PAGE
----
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Marijuana and the Developing Brain

U.S. Surgeon General encourages young people and pregnant women not to use marijuana
By Josh Devine, PharmD, PhD, and Lesley J. Craig, MPH

IN AUGUST 2019, the Surgeon General issued an advisory focused on the importance of protecting youth and pregnant women from the health risks of marijuana use:

“I, Surgeon General VADM Jerome Adams, am emphasizing the importance of protecting our nation from the health risks of marijuana use in adolescence and during pregnancy. Recent increases in access to marijuana and in its potency, along with misperceptions of safety of marijuana endanger our most precious resource, our nation’s youth.”

Marijuana, or cannabis, is the most commonly used illicit drug in the U.S. Delta-9-tetrahydrocannabinol (THC), a component of marijuana, binds to cannabinoid receptors in the brain, resulting in euphoria, intoxication, and memory and motor impairments. These same cannabinoid receptors are critical for brain development. They are part of the endocannabinoid system, which impacts the formation of brain circuits important for decision-making, mood, and stress-response.

Marijuana has changed over time and newer strains have shown to have higher concentration of THC; in commonly cultivated marijuana plants THC concentration has increased three-fold between 1995 and 2014 from 4% to 12% respectively. Additionally, concentrated products, typically referred to as dabs or waxes, are much more widely available to recreational users today and may contain between 23.7% and 75.9% THC. Exposure to increasingly potent strains are more likely to produce other risks like anxiety, agitation, paranoia and psychosis.

Marijuana Use During Adolescence
Marijuana continues to be the most widely used illicit drug. In 2017, approximately 9.2 million 12- to 25-year-olds reported using marijuana in the past month and 29% more young adults aged 18 to 25 started using the substance.

The human brain continues to develop from before birth into the mid-20s and frequent use of marijuana during adolescence is linked to changes in brain areas involved in attention, memory, decisionmaking, and motivation. Marijuana use in youth is often also associated with other substance use including heavy alcohol use, and in 2017, 12- to 17-year-olds who reported frequent use of marijuana showed a 130% increase in likelihood of misusing opioids. Additionally, regular use in youth and young adults appears to be associated with major depressive episodes and suicide attempts.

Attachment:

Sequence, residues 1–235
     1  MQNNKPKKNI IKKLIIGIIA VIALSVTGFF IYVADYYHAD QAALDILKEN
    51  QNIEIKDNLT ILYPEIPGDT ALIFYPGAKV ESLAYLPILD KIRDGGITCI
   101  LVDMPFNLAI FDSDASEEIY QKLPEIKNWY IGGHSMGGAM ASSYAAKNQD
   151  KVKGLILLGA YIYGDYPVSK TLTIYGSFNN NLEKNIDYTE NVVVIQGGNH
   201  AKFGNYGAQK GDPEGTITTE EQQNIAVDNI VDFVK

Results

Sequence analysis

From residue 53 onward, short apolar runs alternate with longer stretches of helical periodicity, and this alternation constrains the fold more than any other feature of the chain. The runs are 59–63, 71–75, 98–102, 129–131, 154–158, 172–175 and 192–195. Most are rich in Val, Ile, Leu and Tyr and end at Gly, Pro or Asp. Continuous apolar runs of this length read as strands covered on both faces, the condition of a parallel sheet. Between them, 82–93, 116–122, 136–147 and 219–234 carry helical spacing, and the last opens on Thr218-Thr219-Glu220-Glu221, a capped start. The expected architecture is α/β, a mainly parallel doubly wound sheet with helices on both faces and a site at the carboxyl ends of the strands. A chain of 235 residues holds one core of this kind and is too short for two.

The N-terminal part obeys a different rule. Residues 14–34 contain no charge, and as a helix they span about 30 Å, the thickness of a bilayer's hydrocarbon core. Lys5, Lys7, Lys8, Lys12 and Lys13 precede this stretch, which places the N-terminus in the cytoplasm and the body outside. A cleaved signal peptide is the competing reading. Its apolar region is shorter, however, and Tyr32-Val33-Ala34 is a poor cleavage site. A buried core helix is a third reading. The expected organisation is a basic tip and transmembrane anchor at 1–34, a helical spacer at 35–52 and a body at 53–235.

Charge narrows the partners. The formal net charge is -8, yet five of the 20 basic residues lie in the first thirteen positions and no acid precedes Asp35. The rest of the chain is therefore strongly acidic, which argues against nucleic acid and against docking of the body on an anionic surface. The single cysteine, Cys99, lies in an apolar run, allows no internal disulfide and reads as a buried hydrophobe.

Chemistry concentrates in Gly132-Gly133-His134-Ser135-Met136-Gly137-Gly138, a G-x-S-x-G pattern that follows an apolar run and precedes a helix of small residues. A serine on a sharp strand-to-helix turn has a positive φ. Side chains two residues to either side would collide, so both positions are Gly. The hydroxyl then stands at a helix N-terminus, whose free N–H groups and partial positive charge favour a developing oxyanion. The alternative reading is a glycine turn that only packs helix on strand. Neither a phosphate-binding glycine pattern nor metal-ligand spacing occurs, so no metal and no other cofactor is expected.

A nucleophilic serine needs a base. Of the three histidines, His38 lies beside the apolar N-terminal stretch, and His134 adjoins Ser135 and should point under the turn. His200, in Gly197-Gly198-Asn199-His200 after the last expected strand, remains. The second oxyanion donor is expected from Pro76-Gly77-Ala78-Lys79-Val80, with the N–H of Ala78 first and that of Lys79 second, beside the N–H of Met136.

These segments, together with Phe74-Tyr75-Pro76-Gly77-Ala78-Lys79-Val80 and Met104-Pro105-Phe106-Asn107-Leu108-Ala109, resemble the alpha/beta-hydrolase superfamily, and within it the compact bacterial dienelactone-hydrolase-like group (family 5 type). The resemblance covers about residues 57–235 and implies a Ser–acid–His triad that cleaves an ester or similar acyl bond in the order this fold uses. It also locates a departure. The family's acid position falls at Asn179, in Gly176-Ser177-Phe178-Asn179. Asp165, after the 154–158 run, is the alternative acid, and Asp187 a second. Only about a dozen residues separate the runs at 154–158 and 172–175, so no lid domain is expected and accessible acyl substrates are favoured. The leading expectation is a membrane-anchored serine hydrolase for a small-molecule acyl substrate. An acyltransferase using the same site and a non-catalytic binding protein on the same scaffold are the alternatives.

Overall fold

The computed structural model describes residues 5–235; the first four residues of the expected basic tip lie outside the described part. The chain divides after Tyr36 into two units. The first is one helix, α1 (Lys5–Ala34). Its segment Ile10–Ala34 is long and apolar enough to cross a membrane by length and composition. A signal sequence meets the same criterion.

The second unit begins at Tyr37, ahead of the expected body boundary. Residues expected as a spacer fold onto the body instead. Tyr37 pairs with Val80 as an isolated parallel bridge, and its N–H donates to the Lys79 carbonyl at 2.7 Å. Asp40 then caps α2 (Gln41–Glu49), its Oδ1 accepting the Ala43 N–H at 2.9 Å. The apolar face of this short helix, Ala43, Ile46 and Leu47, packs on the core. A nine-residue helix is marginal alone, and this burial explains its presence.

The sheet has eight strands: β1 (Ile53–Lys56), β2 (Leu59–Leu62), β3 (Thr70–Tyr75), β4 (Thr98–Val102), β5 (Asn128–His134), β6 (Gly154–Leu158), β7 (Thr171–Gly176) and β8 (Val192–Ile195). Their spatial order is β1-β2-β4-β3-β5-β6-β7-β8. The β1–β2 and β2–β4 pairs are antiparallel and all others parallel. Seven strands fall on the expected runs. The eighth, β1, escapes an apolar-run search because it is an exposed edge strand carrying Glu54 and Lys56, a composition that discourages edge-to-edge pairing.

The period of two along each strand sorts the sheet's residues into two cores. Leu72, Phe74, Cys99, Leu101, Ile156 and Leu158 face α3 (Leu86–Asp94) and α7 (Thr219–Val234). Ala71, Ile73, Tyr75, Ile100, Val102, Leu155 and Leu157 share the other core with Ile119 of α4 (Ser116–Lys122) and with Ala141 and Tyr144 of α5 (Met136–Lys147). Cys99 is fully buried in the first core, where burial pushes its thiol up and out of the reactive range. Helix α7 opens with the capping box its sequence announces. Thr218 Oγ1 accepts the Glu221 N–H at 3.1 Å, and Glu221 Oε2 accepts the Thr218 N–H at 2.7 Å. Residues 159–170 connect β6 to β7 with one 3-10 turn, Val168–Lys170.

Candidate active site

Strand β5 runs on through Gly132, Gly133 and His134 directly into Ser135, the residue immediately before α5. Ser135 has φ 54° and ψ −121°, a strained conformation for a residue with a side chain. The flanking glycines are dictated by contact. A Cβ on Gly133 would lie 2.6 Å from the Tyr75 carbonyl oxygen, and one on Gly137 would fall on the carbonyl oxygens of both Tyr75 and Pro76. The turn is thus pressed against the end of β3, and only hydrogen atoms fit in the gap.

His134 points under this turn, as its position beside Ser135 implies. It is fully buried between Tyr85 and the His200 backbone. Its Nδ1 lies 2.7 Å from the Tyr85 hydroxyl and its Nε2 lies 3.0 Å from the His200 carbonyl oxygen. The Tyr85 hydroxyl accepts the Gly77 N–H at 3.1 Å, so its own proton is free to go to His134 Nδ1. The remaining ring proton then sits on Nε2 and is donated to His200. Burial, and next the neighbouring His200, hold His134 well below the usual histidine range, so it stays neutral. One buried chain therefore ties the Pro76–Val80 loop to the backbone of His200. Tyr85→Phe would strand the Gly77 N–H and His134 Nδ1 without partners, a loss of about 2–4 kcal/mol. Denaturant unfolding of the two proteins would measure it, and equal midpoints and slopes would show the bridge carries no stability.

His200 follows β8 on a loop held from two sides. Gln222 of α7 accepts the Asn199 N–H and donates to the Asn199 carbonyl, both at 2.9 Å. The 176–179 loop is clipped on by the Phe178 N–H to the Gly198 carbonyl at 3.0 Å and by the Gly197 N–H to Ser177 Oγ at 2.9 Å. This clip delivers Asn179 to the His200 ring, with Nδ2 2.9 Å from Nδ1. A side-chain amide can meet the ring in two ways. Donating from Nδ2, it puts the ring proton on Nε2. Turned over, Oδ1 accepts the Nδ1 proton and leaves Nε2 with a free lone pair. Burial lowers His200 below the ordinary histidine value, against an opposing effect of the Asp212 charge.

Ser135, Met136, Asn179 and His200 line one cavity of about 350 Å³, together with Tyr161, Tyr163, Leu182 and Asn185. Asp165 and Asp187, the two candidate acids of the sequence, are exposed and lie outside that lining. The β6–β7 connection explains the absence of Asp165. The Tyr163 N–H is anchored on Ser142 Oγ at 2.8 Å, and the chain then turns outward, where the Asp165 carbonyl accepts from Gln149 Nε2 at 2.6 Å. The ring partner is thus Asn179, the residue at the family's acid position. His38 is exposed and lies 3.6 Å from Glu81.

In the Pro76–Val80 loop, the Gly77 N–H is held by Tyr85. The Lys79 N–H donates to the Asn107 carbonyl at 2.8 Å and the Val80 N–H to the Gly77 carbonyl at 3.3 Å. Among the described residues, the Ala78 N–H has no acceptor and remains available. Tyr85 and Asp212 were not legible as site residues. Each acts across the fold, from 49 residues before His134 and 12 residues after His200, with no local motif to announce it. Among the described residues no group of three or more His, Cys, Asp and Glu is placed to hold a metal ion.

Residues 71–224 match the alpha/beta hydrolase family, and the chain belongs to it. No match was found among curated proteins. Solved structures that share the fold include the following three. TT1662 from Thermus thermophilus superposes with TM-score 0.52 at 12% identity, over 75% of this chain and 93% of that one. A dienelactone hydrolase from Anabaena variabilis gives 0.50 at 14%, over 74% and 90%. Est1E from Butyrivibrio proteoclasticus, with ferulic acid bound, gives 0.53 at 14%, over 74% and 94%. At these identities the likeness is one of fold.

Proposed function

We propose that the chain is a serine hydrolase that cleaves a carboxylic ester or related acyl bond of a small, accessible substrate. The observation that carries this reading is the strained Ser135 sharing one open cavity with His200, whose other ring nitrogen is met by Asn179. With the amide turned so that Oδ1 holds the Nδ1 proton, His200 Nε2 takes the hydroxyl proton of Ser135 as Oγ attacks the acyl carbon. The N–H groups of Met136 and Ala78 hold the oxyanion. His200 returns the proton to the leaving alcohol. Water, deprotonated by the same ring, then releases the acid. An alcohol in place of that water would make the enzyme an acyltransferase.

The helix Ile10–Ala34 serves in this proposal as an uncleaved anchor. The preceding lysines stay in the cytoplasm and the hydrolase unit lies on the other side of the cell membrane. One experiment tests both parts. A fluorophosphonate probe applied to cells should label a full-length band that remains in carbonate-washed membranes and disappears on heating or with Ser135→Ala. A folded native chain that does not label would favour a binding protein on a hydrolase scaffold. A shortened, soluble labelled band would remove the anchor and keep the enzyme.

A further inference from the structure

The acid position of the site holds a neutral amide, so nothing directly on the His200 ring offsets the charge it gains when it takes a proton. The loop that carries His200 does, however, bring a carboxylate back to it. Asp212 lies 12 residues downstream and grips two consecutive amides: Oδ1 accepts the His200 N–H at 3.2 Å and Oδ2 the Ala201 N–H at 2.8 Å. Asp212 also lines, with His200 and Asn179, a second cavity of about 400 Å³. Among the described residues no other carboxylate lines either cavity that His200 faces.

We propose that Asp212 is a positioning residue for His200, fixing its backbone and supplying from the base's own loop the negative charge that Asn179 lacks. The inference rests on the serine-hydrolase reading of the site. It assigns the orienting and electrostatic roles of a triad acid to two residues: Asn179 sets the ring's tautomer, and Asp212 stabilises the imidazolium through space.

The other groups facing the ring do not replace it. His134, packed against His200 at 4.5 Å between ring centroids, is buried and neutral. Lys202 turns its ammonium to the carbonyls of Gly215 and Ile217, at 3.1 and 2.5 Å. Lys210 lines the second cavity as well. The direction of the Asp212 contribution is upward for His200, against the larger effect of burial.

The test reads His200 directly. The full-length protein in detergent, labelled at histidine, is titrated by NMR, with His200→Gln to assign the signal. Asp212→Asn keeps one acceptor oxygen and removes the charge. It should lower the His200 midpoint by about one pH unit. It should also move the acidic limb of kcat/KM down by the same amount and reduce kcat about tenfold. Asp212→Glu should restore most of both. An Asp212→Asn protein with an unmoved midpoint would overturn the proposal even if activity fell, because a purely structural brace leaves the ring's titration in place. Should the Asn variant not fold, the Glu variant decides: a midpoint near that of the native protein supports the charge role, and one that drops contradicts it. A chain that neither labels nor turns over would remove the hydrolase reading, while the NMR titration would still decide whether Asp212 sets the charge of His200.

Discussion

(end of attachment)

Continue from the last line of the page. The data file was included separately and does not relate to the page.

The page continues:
Marijuana Use During Pregnancy
A national survey found that marijuana use in the past month among pregnant women doubled from 3.4% to 7% between 2002 and 2017.  Marijuana is used by pregnant women more than any other illicit drug.

Marijuana use during pregnancy can impact the developing fetus; THC can enter the fetal brain from the mother’s bloodstream and may disrupt the endocannabinoid system, which is important for a healthy pregnancy and fetal brain development. The Colorado Pregnancy Risk Assessment Monitoring System (PRAMS) found that regardless of maternal age, race, ethnicity, education, and tobacco use, maternal marijuana use was associated with a 50% increased risk of low birth weight. Both the American College of Obstetricians and Gynecologists and the American Academy of Pediatrics recommend that physicians advise patients to discontinue or not use marijuana during pregnancy.

It is important to note that maternal marijuana use may still have negative effects on a baby after birth. THC has been found in breast milk up to six days after the last recorded use. It may impact newborn brain development and result in hyperactivity, poor cognitive function, and other long-term consequences. As with tobacco, marijuana should not be smoked around a baby; it contains many of the same harmful components as tobacco smoke.

The purpose of the recent advisory from the Surgeon General is to promote awareness of the known and potential harms to developing brains that are posed by the increasing availability of highly potent marijuana in multiple, concentrated forms. The advisory includes recommended action items for clinicians and other healthcare professionals, along with parents and parents-to-be, young people, and different communities.

Recommendations for clinicians include asking patients about marijuana use, integrating marijuana education in prenatal and postpartum visits, and informing mothers-to-be, new mothers, youth, and all patients vulnerable to psychotic disorders of the risks of marijuana use.

Safe and effective treatments exist for nausea, pain, and depression during pregnancy and can be prescribed. While more research is needed to understand how THC impacts the developing brain, current findings warrant attention and action by healthcare professionals.

Everyone can contribute to the protection of the next generation from the risks of marijuana. Learn more about the Surgeon General’s Advisory and find resources to help you take action at www.

Josh Devine, PharmD, PhD, is a captain in the U.S. Public Health Service and Regional Health Administrator, and Lesley Craig, MPH, is a public health advisor at the U.S. Department of Health and Human Services (HHS), Office of the Assistant Secretary for Health (OASH) – Region 5 (IL, IN, MI, MN, OH, WI). Contact us at Lesley.Craig@

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